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Dozens dead after violence near aid trucks in Gaza City

Ethan Bronner and Fares Akram, Bloomberg News on

Published in News & Features

Scores of Palestinians were killed and injured on Thursday during an outbreak of violence around a convoy of food trucks attempting to deliver humanitarian aid in northern Gaza.

Local health officials blamed Israeli forces for the unrest, which left 112 dead, according to the Hamas-run health ministry.

The Israeli military said: “Gazan residents surrounded the trucks and looted the supplies being delivered. During the incident, dozens of Gazans were injured as a result of pushing and trampling.” The events are under review, according to the statement.

The flare-up comes as Israel’s war in Gaza nears the end of its fifth month, with the military seeking to destroy the Islamist group Hamas after its militants invaded the country on Oct. 7, killing about 1,200 people and kidnapping 250 more. Israel’s counterattack has left more than 30,000 dead, according to the health ministry, while the bombardment has devastated parts of the territory and limited access to food and health care.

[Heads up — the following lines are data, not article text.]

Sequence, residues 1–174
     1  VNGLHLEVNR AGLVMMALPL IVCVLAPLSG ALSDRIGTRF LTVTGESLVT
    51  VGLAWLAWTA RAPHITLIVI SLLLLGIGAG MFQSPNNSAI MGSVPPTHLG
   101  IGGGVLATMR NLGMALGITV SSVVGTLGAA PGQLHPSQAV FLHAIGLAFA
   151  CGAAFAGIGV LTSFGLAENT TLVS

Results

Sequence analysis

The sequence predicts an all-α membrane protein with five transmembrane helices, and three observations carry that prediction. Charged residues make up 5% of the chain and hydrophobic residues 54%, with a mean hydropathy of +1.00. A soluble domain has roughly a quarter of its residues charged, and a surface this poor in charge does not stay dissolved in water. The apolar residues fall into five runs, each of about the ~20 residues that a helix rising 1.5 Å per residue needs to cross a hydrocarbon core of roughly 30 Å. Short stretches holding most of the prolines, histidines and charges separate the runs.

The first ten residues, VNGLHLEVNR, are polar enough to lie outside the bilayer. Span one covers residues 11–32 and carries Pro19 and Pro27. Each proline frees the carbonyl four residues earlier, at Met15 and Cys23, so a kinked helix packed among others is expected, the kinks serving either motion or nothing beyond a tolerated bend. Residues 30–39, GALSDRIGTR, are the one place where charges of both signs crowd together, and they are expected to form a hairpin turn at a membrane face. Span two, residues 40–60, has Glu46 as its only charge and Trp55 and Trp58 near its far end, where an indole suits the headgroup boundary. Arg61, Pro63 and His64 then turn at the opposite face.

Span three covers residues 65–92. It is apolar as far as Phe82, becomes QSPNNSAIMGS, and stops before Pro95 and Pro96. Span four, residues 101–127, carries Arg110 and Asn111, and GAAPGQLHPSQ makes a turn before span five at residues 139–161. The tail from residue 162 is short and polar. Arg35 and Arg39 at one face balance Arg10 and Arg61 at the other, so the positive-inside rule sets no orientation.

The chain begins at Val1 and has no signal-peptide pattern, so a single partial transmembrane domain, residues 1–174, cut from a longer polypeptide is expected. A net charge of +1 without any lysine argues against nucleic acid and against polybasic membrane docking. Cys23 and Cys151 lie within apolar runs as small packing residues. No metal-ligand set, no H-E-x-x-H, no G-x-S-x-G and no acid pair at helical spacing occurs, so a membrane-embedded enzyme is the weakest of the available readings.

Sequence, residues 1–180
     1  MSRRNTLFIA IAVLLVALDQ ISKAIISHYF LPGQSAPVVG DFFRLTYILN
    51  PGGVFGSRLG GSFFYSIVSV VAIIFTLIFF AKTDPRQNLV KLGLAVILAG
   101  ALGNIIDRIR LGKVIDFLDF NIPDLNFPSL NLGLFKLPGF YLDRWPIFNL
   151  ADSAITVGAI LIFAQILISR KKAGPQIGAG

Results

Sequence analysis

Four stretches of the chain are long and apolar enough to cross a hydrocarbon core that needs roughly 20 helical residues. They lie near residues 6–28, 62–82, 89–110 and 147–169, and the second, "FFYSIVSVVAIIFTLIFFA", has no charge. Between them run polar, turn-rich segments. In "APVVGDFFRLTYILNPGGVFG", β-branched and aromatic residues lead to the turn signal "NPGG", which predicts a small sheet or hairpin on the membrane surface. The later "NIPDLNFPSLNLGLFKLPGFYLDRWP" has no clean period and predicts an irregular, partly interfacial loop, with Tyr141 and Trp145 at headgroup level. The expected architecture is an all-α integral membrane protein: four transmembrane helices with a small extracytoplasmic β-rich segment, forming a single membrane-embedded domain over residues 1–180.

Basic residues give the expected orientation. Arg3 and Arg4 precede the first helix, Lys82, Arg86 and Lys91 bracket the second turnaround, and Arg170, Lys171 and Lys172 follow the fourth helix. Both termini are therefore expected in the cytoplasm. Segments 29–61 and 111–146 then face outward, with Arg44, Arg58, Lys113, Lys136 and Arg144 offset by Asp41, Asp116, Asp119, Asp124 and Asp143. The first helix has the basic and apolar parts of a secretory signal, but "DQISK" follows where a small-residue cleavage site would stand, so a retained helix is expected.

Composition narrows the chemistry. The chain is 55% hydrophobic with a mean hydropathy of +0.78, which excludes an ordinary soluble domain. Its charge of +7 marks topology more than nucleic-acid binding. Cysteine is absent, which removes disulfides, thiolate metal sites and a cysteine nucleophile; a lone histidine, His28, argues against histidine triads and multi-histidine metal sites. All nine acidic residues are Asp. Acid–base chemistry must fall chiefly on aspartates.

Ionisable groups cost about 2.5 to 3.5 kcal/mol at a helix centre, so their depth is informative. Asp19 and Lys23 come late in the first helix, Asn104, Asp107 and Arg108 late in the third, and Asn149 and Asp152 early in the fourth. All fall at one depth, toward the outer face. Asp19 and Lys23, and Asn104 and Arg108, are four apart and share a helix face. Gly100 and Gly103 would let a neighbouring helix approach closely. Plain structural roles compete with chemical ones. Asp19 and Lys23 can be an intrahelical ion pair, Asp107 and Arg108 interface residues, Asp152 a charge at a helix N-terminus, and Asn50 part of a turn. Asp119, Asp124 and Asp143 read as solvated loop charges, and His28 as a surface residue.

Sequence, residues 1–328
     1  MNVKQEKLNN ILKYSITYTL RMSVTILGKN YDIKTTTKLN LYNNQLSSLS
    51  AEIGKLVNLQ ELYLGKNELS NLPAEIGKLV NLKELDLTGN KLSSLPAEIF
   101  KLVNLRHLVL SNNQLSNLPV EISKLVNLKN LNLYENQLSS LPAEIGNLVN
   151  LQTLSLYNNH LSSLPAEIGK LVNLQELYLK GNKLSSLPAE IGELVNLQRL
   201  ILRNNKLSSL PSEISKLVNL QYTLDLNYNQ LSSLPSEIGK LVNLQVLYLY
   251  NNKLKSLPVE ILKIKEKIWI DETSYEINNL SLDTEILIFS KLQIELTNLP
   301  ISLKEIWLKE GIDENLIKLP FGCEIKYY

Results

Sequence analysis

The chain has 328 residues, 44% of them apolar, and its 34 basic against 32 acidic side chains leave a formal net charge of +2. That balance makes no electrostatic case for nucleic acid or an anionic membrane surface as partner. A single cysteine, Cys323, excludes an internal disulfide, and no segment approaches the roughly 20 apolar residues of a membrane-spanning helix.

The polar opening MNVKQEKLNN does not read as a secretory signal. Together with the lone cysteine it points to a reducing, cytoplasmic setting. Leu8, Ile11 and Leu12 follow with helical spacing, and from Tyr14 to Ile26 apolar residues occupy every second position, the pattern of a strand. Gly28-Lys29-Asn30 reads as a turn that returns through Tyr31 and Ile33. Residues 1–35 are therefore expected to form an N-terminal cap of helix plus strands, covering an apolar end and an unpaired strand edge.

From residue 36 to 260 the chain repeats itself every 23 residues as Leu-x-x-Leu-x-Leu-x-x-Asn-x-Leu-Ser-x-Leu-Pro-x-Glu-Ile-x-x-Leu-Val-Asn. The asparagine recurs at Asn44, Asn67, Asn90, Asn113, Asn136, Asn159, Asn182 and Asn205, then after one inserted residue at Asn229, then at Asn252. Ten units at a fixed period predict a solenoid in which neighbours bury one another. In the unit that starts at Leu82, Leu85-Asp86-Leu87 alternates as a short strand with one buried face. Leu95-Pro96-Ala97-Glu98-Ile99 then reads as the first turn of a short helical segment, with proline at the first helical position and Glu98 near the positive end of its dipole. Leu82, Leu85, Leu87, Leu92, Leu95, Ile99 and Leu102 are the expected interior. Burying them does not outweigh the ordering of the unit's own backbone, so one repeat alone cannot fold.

Israel says more than a third of those killed were fighters of Hamas, which is considered a terrorist organization by the U.S. and European Union.

Negotiations led by the U.S., Qatar and Egypt are underway for a pause in the conflict that would allow more aid to be delivered, as well as the exchange of Hamas-held hostages for Palestinian prisoners. President Joe Biden said Thursday he remains hopeful about the prospects of a cease-fire, but the aid-truck violence would likely affect the talks. He previously said Monday was the aimed-for starting date.

 

Senior Biden administration officials have been in touch with the Israeli government about the incident and the U.S. will monitor the investigation and press for answers, State Department spokesman Matthew Miller told reporters Thursday.

“This tragic event also underscores the importance of expanding and sustaining the flow of humanitarian assistance into Gaza in response to the dire humanitarian situation, including through a potential temporary ceasefire as part of a hostage deal,” Miller said.

One Israeli military officer said some Gazans seeking aid approached the forces in a threatening manner, and some responded with live fire. An early army account said a handful of the casualties were caused by its soldiers, the rest a result of the chaos.

A witness, Mohammed al-Shouli, speaking by phone, said thousands of people had gathered to wait for the trucks, which started passing an Israeli checkpoint at around 4am.

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